Figure 1. Geological Formations Bearing Natural Gas
Natural gas is a naturally occurring fossil fuel consisting primarily of methane and small amounts of impurities such as carbon dioxide. It may also contain heavier liquids (also known as natural gas liquids) that can be processed into valuable byproducts including ethane, propane, butane and pentane. As illustrated in the above graphic, natural gas is found in several different types of geologic formations. Historically, natural gas has been conventionally extracted from large reservoirs and often produced in conjunction with oil. Technological advances in the areas of horizontal drilling and hydraulic fracturing have made it easier and cheaper to obtain gas from smaller unconventional sources including non-porous sand (tight sands), coal seams (coal bed methane) and most recently from very fine grained sedimentary rock called shale (shale gas), known in the industry as shale plays.
Shale gas extraction differs significantly from the conventional extraction methods. Wells are drilled vertically and then turned horizontally to run within shale formations. A slurry of sand, water, and chemicals, together referred to as hydraulic fluid, is then injected into the well to increase pressure and break apart the shale so that the gas is released. This technique is known as hydraulic fracturing or “fracking.”
Initial assessments of 48 shale gas basins in 32 countries suggest that shale gas resources, which have recently provided a major boost to U.S. natural gas production, are also available in other world regions. Initial indications from a 2011 study  reported 5,760 Tcf of technically recoverable shale gas resources in 32 foreign countries, compared with 862 Tcf in the United States.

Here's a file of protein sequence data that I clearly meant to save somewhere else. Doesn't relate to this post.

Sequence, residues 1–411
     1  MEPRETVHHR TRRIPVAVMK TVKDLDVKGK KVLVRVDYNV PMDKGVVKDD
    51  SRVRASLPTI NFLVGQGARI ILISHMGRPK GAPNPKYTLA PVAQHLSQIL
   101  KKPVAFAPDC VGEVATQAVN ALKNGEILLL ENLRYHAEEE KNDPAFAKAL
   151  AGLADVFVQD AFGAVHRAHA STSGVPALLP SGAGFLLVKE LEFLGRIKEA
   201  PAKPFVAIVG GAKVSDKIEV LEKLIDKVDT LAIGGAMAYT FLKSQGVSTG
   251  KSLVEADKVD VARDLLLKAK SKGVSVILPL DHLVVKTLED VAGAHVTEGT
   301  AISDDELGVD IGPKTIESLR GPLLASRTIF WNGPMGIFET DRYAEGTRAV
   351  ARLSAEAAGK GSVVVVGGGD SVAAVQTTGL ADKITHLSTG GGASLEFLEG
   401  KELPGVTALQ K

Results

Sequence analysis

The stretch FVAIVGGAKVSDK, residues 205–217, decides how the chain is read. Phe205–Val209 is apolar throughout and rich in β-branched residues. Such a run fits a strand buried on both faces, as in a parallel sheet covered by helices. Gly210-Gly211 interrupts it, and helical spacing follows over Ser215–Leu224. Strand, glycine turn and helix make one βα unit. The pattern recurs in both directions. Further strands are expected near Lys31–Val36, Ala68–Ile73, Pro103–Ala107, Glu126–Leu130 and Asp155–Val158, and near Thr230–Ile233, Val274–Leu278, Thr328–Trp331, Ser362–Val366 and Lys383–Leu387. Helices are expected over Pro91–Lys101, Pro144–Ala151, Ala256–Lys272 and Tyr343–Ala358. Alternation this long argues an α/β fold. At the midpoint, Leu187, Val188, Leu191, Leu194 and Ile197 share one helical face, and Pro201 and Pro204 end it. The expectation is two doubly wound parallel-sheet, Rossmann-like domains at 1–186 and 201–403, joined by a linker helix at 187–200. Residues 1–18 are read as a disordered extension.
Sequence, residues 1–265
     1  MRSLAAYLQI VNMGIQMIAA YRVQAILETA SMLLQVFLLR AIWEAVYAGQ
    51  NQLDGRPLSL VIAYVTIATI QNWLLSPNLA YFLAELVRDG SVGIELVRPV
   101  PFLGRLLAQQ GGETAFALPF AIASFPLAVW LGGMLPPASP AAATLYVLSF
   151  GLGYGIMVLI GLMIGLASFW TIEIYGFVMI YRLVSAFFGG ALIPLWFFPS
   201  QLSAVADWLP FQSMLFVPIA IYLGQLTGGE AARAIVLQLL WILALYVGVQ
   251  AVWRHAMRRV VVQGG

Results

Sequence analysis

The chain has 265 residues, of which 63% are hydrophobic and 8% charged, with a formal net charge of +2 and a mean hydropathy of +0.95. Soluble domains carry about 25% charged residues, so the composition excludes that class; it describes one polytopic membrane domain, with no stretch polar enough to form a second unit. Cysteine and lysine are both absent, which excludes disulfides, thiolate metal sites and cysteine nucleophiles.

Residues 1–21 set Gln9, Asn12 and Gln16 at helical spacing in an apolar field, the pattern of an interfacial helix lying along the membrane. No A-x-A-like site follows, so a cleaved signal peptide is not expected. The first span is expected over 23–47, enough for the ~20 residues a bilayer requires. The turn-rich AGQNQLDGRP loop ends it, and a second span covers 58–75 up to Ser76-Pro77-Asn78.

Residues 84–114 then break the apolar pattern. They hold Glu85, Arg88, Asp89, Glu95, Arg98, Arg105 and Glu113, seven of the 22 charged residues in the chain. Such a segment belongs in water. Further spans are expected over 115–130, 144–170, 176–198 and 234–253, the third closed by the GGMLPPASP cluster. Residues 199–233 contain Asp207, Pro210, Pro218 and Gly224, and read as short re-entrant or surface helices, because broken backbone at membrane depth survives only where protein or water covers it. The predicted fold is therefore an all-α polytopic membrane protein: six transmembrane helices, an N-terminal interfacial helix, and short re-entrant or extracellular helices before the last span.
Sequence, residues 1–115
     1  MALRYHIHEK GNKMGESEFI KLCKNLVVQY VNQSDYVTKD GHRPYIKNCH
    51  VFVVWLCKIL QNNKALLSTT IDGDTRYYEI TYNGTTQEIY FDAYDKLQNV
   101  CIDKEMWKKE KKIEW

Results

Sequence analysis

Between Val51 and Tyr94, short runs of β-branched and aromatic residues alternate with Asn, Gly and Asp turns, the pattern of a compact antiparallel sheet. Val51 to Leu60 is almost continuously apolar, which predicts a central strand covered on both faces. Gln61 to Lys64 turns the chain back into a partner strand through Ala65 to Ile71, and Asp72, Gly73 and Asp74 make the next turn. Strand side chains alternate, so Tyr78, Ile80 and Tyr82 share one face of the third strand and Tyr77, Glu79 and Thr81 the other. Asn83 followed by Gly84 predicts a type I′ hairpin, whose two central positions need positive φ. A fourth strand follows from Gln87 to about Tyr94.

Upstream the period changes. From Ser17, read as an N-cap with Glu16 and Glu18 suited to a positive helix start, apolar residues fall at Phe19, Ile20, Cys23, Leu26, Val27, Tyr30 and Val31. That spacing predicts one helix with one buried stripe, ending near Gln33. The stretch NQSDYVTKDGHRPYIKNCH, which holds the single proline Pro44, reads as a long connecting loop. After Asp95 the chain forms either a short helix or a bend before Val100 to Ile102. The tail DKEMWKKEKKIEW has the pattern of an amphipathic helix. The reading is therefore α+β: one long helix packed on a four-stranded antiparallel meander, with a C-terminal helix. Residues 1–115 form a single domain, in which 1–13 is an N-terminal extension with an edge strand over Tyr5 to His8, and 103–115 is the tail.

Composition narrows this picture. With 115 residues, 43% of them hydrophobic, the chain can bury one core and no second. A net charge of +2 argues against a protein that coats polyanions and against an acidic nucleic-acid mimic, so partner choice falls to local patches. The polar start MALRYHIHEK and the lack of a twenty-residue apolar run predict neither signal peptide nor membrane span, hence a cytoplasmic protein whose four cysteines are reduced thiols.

Figure 2. Global Natural Gas Basins
Natural gas is used extensively in the United States, for generating electricity, for space and water heating in residential and commercial buildings, and as industrial feedstock , providing the base ingredient for such varied products as plastic, fertilizer, anti-freeze and fabrics.
Figure 3. U.S. Natural Gas Consumption by Sector
In the residential sector, almost 95 percent of natural gas is used for space and water heating, with cooking and clothes drying making up the remainder. In the commercial sector, space and water heating comprise the majority of natural gas use (62 percent), but other uses – including cogeneration (the use of natural gas to generate electricity and useful heat), also known as combined heat and power – compose one-third of natural gas usage. Bulk chemicals and refining account for more than one-third of all natural gas consumption in energy industries.